Thursday, July 18, 2013

What's with the courts starting to make sense?

The courts in the U.S. have long been known for making stuff up as they go along. Like the Right to Abortion that they insist is in the Constitution.

The courts are like the Pharisees of old. Remember how they somehow found that you could only walk so far on the Sabbath? Or could spit on a rock but not the ground? That came about by taking the Ten Commandments, making interpretations for certain circumstances, then expanding on those circumstances and elevating those new laws to the level of the original Commandments. They didn't go back to the original Law and ask if something was in the letter or spirit of the original Law.

And that's what our courts have been doing. But recently, there have been smatterings of common sense. And I'm not sure what to think about that.

Another court has ruled that the president has violated the Constitution with recess appointments. Recess appointments are allowed, but can only be done when the Senate is ... get this ... in recess.

That's the third court to make such a ruling, and the Supreme Court gets the case in their next session.

A court making sense? My view of the world will never be the same.


  1. Fire and brimstone coming down from the skies! Rivers and seas boiling!

    Forty years of darkness! Earthquakes, volcanoes...

    The dead rising from the grave!

    Human sacrifice, dogs and cats living together... mass hysteria!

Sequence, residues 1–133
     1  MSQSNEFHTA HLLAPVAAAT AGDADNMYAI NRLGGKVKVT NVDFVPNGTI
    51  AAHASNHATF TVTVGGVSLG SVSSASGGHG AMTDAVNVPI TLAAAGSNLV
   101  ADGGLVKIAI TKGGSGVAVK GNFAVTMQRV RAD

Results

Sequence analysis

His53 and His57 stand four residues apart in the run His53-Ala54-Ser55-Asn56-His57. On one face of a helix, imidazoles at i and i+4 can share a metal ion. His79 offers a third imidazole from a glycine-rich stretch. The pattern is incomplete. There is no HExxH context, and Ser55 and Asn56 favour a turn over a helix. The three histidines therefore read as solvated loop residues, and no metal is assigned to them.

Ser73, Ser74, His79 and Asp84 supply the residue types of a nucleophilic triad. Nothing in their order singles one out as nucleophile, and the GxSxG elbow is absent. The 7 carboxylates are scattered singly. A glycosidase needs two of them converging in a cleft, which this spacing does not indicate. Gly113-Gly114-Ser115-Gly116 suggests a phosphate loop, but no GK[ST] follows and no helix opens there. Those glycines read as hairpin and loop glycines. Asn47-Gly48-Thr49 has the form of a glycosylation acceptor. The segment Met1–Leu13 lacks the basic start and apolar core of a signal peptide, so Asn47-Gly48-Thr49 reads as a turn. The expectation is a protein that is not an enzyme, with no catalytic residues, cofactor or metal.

2. I agree with your conclusion and share your sense of relief that the Federal courts are making sense although I think your examples aren't quite up to snuff. There are 613 commandments in the law of Moses (see here for one list) to which then the Pharisees then added their opinions as to, for example, what constituted work.

    More germane is that the US Constitution doesn't limit the rights of the people, it limits the powers of the government. The Bill of Rights specifically grants the people and the states certain rights and powers. Go read the amendments nine and ten, which boil down to if the government hasn't been granted a right then it belongs to the people or the states.

  3. Stopped clock, blind squirrel, you know the rest.

  4. @2 CCO i thought i was the only one that thought IX and X should be the salient point in Roe.

  5. Oh, I don't agree with Roe v. Wade as I believe the baby has a right to live.

  6. @5 i didn't assume that you did agree with Roe. just that IX and X should be factors. am i wrong on that?

  7. Maybe it's trickle up common sense? Nah, that would be too much to hope for.

  8. The point, actually, is moot, seeing as the towers of Republican jello in the Senate so recently caved in to Harry Reid and have begun approving the aforementioned illegal appointments...thus making them former illegals.

    Just as they did in post-Weimar, early-NSDAP Germany, making that which was illegal legal and criminalizing legal actions.

  9. @6 jw--Heh; no the opposite occurred to be a couple of hours ago--I said to myself: Hey, wait (not having actually read the case, ever), the USC must have struck down a state law restricting abortion, thus IX or X would be in play.

  10. @9 CCO interesting. the case as i understand it was decided on the 14th due process clause and that is generally considered bs. i have always felt that the 9th, state having a right to regulate, or the 10th saying that it is the right of the people were the correct amendments to form the basis of the opinion. unfortunately, no one asked for my opinion. then or now. :(


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